Warm weather, big crowds: Spring training finally Marches in
MESA, Ariz. — They’ve been at it for weeks, as Bob Melvin reminded. But with the temperature rising, the stands filling and the mood as perfect as the weather, for the Oakland A’s this glorious Friday, March 1, was the first day that spring training 2019 felt like spring training.
Some time ago Roger Angell, very much a fan, not to mention a brilliant author, wrote of baseball’s joyful noise, fans discussing the game, concessionaires yelling for customers, the sound of bat against ball. And that’s the way it was at HoHoKam Stadium.
Only an exhibition game certainly, one in which Oakland defeated Colorado, 6-3, before 5,463 fans. But it was also an introduction, as well as a promise. Summer is coming. The proof arrived on Friday. We’ve escaped winter. Play ball.
Melvin wasn’t opposed to such romantic thinking, albeit tempered with realism. “The first good weather,” he said, “and the big crowd, I agree with you on that. But we’ve been working hard for a while. We’re under the gun to get the amount of at bats we want before we go to Japan.
“But it was a nice day for sure.”
A day when starter Aaron Brooks gave up a hit to the first Colorado batter he faced and then never gave up a run in four innings, pleasing Melvin with the way he worked out trouble.
A day when Stephen Piscotty, who came to the A’s virtually a year ago, had a double and scored a run.
A day when Franklin Barretto, still listed as the infielder he was until few days ago, played center, had a couple of hits including his third double of this brief Cactus League schedule and drew this comment from Melvin: “You’d think there would be some trepidation moving to the outfield, but he’s a natural.”
It’s funny about baseball people. They are locked into the game. Into how to get the best pitch over the plate. Into how to get that bat on the ball with the next swing.
Maybe the rest of us are fascinated by the enormous contracts for Nolan Arenado ($260 million for eight years), Manny Machado ($300 million for 10 years) and Bryce Harper ($314 million for 10 years), but the players themselves worry about more down-to-earth items.
Such as performing to the best of their abilities and (this is unspoken) maybe someday putting themselves in the same enviable position as Machado, Harper and Arenado, who batted second in the order for Colorado and went 0-for-3.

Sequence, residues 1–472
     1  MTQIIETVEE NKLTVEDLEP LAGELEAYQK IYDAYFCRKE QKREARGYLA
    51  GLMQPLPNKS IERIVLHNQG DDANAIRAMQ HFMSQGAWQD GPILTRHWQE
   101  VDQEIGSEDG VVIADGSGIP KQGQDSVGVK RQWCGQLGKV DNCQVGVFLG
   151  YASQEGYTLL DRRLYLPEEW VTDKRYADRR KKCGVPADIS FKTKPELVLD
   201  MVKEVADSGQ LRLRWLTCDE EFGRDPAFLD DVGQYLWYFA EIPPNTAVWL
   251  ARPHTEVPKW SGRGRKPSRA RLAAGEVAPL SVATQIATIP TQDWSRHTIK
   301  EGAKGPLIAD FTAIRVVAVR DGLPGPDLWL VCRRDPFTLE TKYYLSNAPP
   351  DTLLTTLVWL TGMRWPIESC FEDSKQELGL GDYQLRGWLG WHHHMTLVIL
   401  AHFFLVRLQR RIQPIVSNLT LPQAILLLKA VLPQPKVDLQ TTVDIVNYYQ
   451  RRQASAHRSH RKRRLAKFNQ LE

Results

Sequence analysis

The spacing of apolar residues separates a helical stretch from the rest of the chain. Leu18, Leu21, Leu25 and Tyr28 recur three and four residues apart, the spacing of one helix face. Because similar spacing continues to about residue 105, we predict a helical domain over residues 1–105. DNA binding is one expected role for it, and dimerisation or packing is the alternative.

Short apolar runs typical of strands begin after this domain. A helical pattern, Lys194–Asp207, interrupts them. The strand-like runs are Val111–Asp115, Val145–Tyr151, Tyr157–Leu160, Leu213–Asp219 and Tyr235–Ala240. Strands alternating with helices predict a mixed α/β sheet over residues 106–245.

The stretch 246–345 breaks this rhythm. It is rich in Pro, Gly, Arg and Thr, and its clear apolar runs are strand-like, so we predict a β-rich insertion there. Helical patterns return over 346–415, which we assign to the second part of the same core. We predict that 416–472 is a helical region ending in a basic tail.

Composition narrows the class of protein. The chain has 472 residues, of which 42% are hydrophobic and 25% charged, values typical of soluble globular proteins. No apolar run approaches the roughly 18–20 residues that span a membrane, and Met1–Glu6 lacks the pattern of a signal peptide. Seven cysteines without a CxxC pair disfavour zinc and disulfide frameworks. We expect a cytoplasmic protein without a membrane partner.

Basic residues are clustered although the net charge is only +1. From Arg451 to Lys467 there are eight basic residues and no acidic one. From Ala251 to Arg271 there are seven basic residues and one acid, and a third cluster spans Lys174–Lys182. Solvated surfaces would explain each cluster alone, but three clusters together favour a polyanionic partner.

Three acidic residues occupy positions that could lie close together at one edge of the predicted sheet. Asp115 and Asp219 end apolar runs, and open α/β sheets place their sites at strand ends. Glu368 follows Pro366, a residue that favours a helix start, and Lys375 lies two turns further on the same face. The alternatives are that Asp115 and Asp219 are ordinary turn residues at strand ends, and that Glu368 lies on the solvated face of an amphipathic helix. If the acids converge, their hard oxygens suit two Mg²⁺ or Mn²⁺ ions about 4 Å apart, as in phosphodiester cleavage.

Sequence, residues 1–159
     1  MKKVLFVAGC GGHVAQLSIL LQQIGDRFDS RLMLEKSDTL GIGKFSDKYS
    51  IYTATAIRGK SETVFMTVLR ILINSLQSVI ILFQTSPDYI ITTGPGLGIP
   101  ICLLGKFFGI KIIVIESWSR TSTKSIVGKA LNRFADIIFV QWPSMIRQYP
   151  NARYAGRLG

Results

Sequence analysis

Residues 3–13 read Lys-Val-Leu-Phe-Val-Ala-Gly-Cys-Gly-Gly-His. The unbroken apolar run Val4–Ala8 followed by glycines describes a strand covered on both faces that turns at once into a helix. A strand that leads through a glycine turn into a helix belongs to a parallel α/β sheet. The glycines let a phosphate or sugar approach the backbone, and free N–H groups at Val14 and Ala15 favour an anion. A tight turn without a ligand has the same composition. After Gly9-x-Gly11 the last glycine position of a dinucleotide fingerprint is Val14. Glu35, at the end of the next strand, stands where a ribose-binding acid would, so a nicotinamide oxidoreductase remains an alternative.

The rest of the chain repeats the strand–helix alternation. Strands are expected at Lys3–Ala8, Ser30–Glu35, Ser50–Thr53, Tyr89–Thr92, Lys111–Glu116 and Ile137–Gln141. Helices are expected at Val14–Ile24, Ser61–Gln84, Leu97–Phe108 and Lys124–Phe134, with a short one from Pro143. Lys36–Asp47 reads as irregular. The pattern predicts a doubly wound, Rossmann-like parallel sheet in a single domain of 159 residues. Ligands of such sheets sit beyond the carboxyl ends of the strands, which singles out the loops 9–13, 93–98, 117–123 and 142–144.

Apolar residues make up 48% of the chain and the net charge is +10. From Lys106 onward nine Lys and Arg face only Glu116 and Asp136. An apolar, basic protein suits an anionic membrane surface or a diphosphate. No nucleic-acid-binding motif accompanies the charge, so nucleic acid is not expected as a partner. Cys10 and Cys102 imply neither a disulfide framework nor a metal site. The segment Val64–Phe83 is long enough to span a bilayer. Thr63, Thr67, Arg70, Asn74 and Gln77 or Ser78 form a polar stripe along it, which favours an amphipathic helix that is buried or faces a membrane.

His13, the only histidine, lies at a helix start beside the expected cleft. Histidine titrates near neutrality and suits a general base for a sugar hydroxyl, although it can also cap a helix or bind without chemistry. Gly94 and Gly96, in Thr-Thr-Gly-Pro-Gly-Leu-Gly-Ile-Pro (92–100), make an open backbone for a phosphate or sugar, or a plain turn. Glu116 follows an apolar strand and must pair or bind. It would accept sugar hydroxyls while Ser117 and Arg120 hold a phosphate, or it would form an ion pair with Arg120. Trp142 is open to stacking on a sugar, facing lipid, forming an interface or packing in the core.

“In my situation,” said Brooks, trying to gain a spot in the rotation, “it’s kind of easy to let the names on the back of the jersey dictate how we feel and throw. I’m trying to get away from that and focus on my job.
“We kind of stick to the things in here. What they’ve done is great for guys like Harper and Arenado. They’ve been extremely good for a long time time and get what they deserve. When I faced Arenado, I tried to pitch the same way. You focus on the name on the back, I think the situation gets more rowdy.”
“In other words, too wild to handle. So just think about what and where the catcher wants you to throw.”
Piscotty, a Stanford guy, has thoughts similar to those of Brooks: Play the game as well as it can be played; what those big-time free agents accomplish is not your concern.
“We have a lot of great guys,” said Piscotty, “a young nucleus. You see what we did last season. We think we can top that.”
Asked how important he considers the hits and runs of spring training, Piscotty explained, “Mathematically it doesn’t matter. We’re trying to get our timing down, put the bat on the ball.”
And about the huge salaries just agreed upon for Harper, Machado and Arenado? “I’m not in a position to judge. They’re great for their teams.”
You mean you don’t sit around and ruminate as we do in the press box?
“You got that right,” said Piscotty.
So did baseball on the first day of March, when spring training truly arrived.